Juan Carlos Oganes' film-making and work blog.

Saturday, December 22, 2012

Arica for a day

These few days had to travel back to Tacna. Last time we couldn't go to Arica (60kms south and in Chile) as planned where I wanted to take all crew and extras to visit the Morro and surroundings: the real scenario where my film takes place 132 years ago. Glad to be back to this nice land. I salute all my Chilean friends who visit my blog :)

This time I had a free day to do so for I needed to take pictures of the Morro to place digitally behind the Casa de la Respuesta replica we already filmed at the Real Felipe fortress some months ago. Usually, the Morro pictures we find online show the side where you can see the abyss from the old Aduana (customs) office. That is its best angle but from the Casa de la Respuesta you see a side view not often portrayed in postcards or online. So this was my duty.

Went with one of my fellow friend and actor who lives in Tacna and met with another friend of mine who lives in Arica. He was onsite during filming the first battle scene there and I'm glad he was entertained by the scope of the event. We borrowed a van and went to see some sites -apart from the mentioned duty- that correspond to some of the scenarios pictured in the film: the Chacalluta and Lluta valley and its river mouth and wetlands where Peruvian engineer Teodoro Elmore tried to blast the chilean Carabineros de Yungay regiment, got captured and was made to talk near the vicinity of the USS Wateree boilers (destroyed during the 1868 earthquake and tsunami that struck Arica); also went some kilometers inside the back valley of Azapa to see if there were any remains of the chilean spy during the war Carlos Weguelin's hacienda (country house). All we could find was the place where it used to be but now another newer country house was in its place made by his great-grandson Hugo Mozo (as my Arica friend Tomas confirms so). Went to the two  Peruvian fortresses at the back east side of the Morro: the Ciudadela and East fortresses. All that remains are the trenches built by our soldiers and we could crearly see the wider sections where the Parrot and Voruz cannons were placed. Too bad to see much of the trenches were filled with litter, garbage and human feces. Knowing hundreds of heroic soldeirs died in that place was an overwhelming sensation and the gap where the santabarbara (powder and ammunition storage place) was located showed sign of being badly destroyed. Im sure it was because of Alfredo Maldonado's detonation of it. The thing that gave me satisfaction was that the trenches we built in Lima at Puente Piedra/Ancon's location back in April/May looks very similar. We tried to replicate it as faithful as possible.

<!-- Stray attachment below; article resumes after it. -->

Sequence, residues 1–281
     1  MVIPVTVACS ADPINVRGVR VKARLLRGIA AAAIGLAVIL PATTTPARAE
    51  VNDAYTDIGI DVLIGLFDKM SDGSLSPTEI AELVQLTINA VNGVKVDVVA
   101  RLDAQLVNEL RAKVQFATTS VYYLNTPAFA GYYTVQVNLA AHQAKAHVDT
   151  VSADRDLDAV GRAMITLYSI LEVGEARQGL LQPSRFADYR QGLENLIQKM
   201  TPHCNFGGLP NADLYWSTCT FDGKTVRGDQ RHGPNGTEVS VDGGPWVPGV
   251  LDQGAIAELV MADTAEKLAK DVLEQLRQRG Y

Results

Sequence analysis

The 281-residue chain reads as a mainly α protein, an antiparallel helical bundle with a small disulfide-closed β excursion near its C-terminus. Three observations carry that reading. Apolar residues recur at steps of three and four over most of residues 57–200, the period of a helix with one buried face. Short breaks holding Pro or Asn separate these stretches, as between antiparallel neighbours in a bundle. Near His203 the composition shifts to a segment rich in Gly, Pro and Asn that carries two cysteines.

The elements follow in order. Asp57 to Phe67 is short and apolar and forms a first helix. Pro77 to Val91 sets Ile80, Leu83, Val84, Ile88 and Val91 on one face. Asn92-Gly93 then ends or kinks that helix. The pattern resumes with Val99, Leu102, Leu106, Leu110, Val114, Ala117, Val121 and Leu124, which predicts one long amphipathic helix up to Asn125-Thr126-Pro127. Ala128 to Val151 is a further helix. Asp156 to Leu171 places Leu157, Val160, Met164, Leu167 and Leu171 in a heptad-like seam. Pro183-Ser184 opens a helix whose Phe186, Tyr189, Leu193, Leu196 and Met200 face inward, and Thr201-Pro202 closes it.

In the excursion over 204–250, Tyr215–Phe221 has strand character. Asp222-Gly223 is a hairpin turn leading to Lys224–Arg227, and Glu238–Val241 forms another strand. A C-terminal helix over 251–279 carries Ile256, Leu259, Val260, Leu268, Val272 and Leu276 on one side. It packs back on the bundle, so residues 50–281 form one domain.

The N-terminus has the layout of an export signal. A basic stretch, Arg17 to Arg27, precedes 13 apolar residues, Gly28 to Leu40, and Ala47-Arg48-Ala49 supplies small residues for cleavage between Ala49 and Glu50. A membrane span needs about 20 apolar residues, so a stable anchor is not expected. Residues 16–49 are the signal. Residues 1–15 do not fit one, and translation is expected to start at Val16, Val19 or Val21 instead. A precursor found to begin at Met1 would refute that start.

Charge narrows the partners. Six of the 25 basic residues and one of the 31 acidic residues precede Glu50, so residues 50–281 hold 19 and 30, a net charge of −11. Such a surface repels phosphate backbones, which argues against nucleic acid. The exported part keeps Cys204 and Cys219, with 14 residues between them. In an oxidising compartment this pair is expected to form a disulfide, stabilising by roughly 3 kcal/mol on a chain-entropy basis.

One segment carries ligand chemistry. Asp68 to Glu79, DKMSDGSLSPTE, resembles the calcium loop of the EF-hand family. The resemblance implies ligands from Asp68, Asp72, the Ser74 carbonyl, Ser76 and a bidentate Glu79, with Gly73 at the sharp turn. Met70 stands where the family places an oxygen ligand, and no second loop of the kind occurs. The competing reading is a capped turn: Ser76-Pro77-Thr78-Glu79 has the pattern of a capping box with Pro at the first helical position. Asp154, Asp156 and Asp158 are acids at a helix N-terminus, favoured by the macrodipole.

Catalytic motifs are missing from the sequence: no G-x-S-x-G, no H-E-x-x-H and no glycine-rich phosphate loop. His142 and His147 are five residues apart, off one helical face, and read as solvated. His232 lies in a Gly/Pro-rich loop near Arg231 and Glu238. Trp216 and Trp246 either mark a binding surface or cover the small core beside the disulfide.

The surroundings are already populated by young shanty towns and neighborhoods. Ironic how they are practically living just on the battle field where hundreds and hundreds died in a horrible way. I'm sure they must have much paranormal activity stories to tell.

At downtown Arica I also went to its famous church made entirely of metal and desgined by Eiffel itself. The stone steps leading up to it are the actual ones that were during the war and still show the bullet hits where many male civilians were shot  by the chilean troops as they sieged the city after taking the morro.

It was nice to go back to Arica after 7 years. Back in 2005 I was here also with Tomas during my historical research for this film, my new big baby: "Gloria del Pacifico".

Amazing how this baby has grown from being an idea in my mind and on paper to a thing so huge in scope and size that it puts such a responsability over my shoulders because of its national importance and also fills my heart with such joy of seeing a dream of years finally come true.

We are getting close to completion. So many stories, so much anecdotes, so much to thank the Lord above. :)

The USS Wateree boilers.

Amazing how a tsunami can destroy such a strong iron ship. Nature's force is inmense.
Driving in the Azapa valley in search of the former Carlos Weguelin's hacienda.

The Hugo Mozo hacienda in Azapa: Carlos Weguelin descendant as I was told.

The past and present.

Picture of the era: chilean troops in Arica.

At the Morro museum site.

Chilena army plaque conmemorating our national hero Francisco Bolognesi. Nice gesture.

The Alacran island (now isthmus) and next to it the site where the Manco Capac Peruvian ship was sank.

The Arica bay. Further into the picture, the chilean Cochrane fired at the morro.

The Krupp cannons. Silent witnesses of the battle.
At the trenches of the Peruvian East fortress.

From the Este fortress, the soldiers saw the 4to de Linea Chilean battalion coming close.
The Ciudadela Peruvian fort trenches.
The view from the Ciudadela trenches. The 3ro de Linea came this way.
The Ciudadela's santabarbara (powder and ammo storage).
One can see clearly the where the cannons were placed.
Amazed to be back in this historic place.

...and with the company of my good friends Gato and Tomas :)